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Flynn, B. Languages of navigation within computer games. Paper presented at 5th International Digital Arts and Culture Conference, RMIT, Melbourne. 
Added by: Mark Grimshaw-Aagaard (9/10/04, 8:16 AM)   
Resource type: Proceedings Article
BibTeX citation key: Flynn2003
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Categories: General
Keywords: Navigation
Creators: Flynn
Publisher: DAC (RMIT, Melbourne)
Collection: 5th International Digital Arts and Culture Conference
Views: 18/901
Abstract
Video game designers pay much attention to questions of player navigation, terrain mapping, spatial design and aesthetic immersion. In contrast within computer game studies there is an overemphasis on ludus and narrative as defining and at times oppositional aspects of computer gameplay with minimal critical examination of navigation as the carrier of cultural meaning. This paper considers movement as a defining feature of games and places it within a wider discursive framework focusing on the role of histories of navigation and spatial representation. Drawing on Harvey's models of spatial practice and extending on de Certeau's idea of space as practiced place, the paper proposes that navigation of game space encompasses both a formal representational language and a symbolic, associative one.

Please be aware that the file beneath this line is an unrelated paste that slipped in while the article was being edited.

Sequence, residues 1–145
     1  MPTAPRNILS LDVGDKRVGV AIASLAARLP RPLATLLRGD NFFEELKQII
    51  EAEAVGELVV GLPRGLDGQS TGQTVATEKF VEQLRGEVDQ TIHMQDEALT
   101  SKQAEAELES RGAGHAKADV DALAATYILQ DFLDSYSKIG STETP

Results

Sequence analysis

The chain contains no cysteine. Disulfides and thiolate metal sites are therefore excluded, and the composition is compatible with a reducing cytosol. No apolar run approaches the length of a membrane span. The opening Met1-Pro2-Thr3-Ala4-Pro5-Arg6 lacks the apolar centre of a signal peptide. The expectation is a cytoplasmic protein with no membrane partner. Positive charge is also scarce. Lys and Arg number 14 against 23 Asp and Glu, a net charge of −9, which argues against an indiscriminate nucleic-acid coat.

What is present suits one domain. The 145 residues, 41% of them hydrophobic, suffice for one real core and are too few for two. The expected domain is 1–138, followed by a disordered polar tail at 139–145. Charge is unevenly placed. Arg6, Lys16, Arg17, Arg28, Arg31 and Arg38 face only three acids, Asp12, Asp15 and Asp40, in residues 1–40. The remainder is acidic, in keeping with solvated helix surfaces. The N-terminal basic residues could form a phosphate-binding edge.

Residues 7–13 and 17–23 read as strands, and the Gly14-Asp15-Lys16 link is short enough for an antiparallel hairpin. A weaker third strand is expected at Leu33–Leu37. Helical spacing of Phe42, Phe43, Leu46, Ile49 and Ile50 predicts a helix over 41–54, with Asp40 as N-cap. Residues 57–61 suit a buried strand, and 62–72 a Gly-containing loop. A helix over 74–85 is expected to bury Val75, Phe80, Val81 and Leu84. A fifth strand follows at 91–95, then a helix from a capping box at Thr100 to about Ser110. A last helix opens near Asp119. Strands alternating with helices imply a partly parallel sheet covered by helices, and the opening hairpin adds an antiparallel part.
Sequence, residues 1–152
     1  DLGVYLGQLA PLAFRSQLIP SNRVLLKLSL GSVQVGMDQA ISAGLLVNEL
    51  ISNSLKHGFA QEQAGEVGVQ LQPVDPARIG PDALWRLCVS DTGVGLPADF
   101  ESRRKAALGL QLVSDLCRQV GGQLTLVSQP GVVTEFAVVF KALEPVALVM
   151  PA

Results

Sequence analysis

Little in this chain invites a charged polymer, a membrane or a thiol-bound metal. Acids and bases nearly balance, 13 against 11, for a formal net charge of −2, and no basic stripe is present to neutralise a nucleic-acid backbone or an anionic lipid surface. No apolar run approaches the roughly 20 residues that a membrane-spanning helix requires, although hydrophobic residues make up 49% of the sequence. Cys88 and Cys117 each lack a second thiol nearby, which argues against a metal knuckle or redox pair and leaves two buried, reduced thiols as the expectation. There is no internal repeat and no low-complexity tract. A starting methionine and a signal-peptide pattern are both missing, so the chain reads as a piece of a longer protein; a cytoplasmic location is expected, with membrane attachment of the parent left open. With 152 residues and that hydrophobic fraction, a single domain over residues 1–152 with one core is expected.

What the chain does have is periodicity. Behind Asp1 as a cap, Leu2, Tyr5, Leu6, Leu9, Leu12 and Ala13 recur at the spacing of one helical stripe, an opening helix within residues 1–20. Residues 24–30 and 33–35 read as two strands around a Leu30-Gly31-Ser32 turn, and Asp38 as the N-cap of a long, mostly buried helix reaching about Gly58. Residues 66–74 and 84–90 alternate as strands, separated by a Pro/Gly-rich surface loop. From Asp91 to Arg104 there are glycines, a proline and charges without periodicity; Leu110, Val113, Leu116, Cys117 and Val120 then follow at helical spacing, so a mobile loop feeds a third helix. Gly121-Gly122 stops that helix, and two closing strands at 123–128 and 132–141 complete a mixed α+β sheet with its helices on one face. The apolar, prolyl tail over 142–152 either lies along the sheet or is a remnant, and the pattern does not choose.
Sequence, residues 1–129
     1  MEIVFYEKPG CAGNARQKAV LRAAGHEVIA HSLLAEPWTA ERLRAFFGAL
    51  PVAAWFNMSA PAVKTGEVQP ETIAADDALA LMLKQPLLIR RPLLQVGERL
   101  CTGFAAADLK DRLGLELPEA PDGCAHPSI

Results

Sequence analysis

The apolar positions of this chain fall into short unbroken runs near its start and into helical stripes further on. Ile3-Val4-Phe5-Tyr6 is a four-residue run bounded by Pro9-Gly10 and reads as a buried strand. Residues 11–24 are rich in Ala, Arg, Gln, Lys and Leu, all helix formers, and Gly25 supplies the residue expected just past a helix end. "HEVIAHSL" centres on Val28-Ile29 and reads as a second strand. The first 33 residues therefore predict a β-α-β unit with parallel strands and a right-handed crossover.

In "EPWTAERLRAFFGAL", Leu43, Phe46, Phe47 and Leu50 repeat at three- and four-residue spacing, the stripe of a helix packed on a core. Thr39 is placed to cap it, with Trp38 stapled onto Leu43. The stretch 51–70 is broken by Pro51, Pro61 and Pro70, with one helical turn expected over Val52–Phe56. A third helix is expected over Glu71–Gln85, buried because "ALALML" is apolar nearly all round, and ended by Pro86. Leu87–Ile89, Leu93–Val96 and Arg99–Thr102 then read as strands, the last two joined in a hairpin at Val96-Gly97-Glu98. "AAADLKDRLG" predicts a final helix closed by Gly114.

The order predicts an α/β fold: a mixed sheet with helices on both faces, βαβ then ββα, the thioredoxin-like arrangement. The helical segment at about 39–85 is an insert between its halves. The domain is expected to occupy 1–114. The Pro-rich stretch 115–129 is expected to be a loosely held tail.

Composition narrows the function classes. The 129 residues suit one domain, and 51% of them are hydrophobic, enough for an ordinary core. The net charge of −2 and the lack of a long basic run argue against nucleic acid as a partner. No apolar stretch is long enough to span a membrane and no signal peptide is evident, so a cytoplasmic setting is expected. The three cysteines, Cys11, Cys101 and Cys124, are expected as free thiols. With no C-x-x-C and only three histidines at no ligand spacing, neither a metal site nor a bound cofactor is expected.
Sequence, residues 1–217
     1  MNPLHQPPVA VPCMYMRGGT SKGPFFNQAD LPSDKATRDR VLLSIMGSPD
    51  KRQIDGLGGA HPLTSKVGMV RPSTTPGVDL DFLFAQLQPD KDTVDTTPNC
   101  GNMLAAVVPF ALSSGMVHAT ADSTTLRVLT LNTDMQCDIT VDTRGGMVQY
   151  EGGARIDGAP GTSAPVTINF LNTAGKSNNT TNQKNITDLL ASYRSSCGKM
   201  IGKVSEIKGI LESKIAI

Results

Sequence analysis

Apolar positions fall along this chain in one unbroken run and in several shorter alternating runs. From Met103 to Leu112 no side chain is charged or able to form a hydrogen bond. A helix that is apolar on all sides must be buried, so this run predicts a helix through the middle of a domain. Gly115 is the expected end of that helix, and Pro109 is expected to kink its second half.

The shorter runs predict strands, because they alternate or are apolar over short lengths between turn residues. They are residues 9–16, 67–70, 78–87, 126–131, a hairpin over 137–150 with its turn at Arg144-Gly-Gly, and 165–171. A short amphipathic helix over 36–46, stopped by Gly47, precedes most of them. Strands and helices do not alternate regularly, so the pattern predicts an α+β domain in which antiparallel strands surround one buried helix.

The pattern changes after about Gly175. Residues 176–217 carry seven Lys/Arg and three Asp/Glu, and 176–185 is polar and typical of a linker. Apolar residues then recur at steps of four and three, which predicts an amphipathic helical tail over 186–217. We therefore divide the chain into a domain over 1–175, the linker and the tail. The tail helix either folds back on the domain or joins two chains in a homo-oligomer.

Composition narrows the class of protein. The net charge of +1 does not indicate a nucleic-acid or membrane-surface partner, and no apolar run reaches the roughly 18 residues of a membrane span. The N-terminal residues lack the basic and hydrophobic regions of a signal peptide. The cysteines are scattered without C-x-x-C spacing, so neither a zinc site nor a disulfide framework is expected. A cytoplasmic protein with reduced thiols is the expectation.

Added by: Mark Grimshaw-Aagaard